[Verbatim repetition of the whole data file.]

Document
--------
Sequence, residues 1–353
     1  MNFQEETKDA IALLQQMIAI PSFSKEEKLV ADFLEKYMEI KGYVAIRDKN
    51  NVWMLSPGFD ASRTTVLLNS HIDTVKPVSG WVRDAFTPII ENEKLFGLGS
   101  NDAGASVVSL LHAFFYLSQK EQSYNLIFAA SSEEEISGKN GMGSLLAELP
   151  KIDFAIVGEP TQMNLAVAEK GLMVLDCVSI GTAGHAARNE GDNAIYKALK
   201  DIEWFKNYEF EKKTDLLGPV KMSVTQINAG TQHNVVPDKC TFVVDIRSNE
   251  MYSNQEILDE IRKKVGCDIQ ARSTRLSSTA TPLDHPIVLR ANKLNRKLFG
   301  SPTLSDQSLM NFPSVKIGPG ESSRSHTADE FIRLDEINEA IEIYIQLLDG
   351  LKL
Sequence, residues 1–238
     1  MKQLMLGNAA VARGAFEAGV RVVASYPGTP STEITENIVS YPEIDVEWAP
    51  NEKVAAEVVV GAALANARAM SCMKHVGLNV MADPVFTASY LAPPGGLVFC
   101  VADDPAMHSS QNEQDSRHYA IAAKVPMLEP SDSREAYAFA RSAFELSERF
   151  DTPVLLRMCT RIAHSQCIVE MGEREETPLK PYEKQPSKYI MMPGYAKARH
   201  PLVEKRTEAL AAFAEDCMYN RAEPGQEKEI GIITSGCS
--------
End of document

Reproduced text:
Sequence, residues 1–353
     1  MNFQEETKDA IALLQQMIAI PSFSKEEKLV ADFLEKYMEI KGYVAIRDKN
    51  NVWMLSPGFD ASRTTVLLNS HIDTVKPVSG WVRDAFTPII ENEKLFGLGS
   101  NDAGASVVSL LHAFFYLSQK EQSYNLIFAA SSEEEISGKN GMGSLLAELP
   151  KIDFAIVGEP TQMNLAVAEK GLMVLDCVSI GTAGHAARNE GDNAIYKALK
   201  DIEWFKNYEF EKKTDLLGPV KMSVTQINAG TQHNVVPDKC TFVVDIRSNE
   251  MYSNQEILDE IRKKVGCDIQ ARSTRLSSTA TPLDHPIVLR ANKLNRKLFG
   301  SPTLSDQSLM NFPSVKIGPG ESSRSHTADE FIRLDEINEA IEIYIQLLDG
   351  LKL
Sequence, residues 1–238
     1  MKQLMLGNAA VARGAFEAGV RVVASYPGTP STEITENIVS YPEIDVEWAP
    51  NEKVAAEVVV GAALANARAM SCMKHVGLNV MADPVFTASY LAPPGGLVFC
   101  VADDPAMHSS QNEQDSRHYA IAAKVPMLEP SDSREAYAFA RSAFELSERF
   151  DTPVLLRMCT RIAHSQCIVE MGEREETPLK PYEKQPSKYI MMPGYAKARH
   201  PLVEKRTEAL AAFAEDCMYN RAEPGQEKEI GIITSGCS